Background: Although the inability to cross the chronic total occlusion (CTO) with a guidewire is the most common reason for failure, one of the most frustrating situations that may occur during a recanalization procedure is when a guidewire crosses successfully but it is impossible to advance any device over the wire through the occluded segment. We assessed the application of the Tornus catheter and/or rotational atherectomy to improve the success rate of percutaneous recanalization of CTO. Methods: From October 2009 to May 2011, 55 consecutive patients with CTO resistant to recanalization by conventional techniques were treated by the following step-by-step approach: 1) Tornus catheter and 2) eventual high speed rotational atherectomy. Results: Twenty-four lesions were successfully crossed by the Tornus catheter (43.5%). Rotational atherectomy was used in 31 patients (one with Tornus success and 30 with Tornus failure). A final angiographic success was obtained in 50/55 patients (91%) whereas in 5 patients both bail-out strategies failed (9%). As compared to the 24 CTO successfully treated by the Tornus catheter (Tornus-success group), the 31 patients in the Tornus-failure group were treated more often with the 2.1 F Tornus catheter and had more severely calcified lesions. By multivariable regression analysis the single independent predictor of Tornus failure was the presence of severely calcified lesions. Conclusions: The Tornus catheter is a safe and effective device allowing us to overcome the inability to cross a CTO with a balloon catheter in approximately 45% of cases. In severely calcified CTO rotational atherectomy should be performed first.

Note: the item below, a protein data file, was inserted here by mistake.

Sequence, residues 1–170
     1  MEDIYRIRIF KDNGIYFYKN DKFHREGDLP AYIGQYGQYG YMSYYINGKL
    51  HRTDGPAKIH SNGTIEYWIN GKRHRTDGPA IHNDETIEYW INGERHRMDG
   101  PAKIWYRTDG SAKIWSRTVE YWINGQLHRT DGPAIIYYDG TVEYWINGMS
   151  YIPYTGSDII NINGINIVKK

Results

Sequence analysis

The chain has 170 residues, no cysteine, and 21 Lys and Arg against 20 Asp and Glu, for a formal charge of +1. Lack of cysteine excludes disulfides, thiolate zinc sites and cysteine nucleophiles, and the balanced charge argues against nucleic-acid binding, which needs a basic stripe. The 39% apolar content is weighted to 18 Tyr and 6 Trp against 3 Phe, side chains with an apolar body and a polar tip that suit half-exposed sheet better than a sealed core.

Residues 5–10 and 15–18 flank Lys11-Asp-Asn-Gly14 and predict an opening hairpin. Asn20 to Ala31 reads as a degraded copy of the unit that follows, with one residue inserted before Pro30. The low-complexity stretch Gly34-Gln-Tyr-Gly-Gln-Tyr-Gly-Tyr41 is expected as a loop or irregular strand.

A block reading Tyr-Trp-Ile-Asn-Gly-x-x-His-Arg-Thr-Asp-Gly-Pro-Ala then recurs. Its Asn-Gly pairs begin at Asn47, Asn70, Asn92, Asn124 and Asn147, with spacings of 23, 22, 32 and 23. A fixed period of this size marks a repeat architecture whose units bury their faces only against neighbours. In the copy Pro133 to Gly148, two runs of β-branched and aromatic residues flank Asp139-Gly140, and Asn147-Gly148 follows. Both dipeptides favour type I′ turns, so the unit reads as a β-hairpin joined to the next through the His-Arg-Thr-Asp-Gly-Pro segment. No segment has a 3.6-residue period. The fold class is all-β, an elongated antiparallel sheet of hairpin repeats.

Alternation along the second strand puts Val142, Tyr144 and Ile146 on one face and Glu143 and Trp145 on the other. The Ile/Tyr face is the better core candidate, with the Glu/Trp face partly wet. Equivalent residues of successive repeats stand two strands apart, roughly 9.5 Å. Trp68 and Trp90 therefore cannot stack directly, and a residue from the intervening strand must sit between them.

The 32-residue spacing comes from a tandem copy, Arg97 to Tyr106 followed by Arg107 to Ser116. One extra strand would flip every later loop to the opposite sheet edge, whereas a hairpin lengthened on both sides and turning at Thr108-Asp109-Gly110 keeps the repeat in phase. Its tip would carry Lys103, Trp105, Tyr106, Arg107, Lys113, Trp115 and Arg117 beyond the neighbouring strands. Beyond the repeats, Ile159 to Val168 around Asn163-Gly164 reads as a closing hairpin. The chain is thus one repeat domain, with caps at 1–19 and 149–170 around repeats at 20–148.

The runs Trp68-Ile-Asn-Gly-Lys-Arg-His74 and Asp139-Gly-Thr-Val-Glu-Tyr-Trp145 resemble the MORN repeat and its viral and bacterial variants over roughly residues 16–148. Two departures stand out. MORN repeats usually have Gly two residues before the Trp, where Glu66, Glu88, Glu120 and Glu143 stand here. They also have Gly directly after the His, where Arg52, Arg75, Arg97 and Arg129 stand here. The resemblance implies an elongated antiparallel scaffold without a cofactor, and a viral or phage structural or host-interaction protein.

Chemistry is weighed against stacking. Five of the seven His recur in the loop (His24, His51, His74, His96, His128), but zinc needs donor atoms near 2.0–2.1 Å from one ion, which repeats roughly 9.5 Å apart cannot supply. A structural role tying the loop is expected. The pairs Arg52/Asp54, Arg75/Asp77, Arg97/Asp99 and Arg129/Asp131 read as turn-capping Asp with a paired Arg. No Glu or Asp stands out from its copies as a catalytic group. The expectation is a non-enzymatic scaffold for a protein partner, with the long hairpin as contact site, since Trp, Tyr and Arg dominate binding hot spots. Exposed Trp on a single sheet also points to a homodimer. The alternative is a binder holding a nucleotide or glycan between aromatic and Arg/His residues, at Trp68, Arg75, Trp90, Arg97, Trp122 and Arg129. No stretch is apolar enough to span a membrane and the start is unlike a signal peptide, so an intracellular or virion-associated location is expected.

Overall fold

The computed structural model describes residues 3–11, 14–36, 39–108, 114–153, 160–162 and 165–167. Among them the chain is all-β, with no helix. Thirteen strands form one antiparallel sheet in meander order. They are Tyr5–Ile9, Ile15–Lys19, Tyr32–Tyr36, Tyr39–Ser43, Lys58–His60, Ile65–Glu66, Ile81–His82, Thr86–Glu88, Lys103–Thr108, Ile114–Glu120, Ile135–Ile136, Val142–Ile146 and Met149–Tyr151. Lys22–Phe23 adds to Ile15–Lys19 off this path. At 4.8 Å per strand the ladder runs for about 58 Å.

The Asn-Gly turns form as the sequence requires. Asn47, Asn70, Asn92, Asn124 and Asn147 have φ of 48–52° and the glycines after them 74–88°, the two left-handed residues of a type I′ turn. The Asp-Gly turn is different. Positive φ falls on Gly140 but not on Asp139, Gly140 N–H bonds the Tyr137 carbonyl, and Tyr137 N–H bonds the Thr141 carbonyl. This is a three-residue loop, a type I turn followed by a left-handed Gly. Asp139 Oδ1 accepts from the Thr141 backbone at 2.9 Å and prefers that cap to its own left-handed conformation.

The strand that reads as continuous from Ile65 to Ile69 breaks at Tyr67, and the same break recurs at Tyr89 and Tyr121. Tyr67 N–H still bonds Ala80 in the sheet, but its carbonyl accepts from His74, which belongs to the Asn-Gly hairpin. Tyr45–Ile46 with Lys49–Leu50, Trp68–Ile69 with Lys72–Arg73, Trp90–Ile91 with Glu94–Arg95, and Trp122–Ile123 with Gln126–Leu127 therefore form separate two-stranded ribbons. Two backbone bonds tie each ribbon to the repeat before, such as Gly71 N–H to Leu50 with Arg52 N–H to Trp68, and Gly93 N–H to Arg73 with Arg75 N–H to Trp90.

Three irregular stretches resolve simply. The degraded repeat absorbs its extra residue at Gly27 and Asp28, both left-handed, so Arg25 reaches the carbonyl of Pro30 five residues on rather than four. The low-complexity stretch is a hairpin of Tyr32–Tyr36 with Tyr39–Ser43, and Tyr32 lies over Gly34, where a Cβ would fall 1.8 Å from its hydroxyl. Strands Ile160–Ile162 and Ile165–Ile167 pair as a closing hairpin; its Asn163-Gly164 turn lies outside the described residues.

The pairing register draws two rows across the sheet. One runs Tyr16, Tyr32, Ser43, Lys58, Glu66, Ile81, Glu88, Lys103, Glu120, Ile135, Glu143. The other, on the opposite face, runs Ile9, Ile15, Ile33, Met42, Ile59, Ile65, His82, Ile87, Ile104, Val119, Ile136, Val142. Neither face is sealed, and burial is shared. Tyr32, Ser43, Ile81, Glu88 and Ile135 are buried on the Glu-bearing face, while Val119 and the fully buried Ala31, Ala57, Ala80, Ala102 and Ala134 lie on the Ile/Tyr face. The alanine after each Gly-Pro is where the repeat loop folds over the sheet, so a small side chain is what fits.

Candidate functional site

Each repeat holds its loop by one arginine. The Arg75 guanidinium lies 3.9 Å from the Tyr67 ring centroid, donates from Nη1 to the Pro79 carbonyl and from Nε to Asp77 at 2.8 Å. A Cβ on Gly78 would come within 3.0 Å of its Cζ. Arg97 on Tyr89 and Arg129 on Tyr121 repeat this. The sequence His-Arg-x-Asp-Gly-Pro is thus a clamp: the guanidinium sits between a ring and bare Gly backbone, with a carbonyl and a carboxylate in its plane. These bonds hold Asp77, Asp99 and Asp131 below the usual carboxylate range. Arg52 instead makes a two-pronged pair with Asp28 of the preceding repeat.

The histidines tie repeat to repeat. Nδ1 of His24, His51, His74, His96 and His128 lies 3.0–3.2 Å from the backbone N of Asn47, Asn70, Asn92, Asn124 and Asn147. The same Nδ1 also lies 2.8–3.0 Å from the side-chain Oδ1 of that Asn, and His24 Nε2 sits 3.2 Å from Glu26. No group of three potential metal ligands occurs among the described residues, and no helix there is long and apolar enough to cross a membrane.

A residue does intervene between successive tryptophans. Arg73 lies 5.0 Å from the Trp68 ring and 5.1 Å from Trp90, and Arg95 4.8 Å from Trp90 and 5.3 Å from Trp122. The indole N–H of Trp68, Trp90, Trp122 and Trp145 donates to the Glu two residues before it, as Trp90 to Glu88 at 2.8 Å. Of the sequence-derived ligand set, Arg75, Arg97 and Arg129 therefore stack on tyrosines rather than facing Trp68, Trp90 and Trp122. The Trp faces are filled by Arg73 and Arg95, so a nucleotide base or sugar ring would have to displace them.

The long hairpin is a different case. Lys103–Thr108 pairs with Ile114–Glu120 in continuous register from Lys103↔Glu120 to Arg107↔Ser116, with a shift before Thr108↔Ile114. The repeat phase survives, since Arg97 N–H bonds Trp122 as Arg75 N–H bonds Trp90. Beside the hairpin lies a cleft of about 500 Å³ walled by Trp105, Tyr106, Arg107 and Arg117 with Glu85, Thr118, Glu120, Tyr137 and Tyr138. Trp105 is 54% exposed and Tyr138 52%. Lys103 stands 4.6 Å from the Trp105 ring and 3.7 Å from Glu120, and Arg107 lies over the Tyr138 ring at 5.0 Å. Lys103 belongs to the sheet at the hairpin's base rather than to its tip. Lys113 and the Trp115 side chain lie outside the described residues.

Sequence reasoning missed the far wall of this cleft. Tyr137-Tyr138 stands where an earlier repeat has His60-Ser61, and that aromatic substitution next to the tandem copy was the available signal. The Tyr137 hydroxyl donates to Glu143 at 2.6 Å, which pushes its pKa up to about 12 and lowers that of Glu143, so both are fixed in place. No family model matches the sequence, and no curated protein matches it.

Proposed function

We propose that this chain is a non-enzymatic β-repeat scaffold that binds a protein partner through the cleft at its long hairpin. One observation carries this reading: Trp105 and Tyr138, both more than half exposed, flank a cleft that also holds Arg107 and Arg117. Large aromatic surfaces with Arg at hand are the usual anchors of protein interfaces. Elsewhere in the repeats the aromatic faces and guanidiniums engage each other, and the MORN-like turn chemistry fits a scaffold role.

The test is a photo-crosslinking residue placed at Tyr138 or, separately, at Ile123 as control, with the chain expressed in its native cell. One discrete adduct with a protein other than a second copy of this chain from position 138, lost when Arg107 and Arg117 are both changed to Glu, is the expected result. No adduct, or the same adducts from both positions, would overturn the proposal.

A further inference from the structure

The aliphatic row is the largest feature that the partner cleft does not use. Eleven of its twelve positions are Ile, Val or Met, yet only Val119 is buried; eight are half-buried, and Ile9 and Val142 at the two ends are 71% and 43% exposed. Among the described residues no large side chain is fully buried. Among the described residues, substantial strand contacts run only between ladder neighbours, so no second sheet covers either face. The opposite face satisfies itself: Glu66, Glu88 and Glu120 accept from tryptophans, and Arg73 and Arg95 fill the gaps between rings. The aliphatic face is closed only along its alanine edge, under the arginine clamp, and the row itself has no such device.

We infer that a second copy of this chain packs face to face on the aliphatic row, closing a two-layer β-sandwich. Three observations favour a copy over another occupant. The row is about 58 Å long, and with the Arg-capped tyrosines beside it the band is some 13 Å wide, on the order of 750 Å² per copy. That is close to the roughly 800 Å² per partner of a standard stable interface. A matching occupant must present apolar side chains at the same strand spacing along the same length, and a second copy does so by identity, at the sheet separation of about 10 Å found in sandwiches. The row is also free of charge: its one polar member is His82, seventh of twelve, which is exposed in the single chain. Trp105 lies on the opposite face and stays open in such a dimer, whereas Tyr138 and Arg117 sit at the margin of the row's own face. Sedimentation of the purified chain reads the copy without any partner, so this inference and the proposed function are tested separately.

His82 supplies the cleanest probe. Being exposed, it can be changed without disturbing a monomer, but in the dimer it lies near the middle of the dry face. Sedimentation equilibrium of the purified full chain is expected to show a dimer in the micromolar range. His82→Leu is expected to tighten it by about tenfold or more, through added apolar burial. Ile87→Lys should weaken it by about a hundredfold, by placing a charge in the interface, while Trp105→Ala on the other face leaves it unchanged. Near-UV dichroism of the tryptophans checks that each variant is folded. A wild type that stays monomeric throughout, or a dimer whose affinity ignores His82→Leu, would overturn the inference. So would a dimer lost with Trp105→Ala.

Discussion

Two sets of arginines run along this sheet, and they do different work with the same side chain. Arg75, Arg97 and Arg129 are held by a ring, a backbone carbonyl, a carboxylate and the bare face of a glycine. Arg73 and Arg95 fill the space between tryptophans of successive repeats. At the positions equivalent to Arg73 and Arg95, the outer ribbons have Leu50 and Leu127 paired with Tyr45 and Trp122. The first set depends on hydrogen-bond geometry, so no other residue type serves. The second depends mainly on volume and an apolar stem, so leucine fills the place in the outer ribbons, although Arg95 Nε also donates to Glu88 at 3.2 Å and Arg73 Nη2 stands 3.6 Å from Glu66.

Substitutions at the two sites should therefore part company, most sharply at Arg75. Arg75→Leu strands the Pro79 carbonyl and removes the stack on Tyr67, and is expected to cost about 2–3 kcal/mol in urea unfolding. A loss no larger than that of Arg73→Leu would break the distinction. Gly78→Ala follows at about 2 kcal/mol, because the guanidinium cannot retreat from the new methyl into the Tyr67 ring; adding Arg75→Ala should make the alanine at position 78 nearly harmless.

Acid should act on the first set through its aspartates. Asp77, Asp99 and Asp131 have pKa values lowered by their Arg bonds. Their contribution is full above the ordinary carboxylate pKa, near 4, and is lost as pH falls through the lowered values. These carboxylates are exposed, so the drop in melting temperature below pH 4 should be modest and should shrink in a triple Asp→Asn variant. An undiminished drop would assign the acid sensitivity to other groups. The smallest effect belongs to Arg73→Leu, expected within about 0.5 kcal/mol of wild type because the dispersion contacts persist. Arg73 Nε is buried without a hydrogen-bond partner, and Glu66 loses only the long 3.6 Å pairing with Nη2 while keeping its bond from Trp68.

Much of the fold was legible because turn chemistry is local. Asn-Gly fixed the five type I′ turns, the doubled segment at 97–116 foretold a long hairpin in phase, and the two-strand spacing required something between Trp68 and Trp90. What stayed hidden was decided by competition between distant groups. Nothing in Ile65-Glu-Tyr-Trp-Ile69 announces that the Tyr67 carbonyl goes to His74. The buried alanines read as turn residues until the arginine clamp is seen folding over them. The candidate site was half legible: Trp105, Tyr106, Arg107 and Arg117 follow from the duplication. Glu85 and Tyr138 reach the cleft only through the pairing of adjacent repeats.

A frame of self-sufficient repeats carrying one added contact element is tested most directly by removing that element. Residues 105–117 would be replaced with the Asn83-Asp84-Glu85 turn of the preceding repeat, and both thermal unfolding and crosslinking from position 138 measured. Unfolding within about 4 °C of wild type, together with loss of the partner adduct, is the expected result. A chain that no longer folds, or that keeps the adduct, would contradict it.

- Chronic total occlusion
- Coronary artery disease
ASJC Scopus subject areas
- Cardiology and Cardiovascular Medicine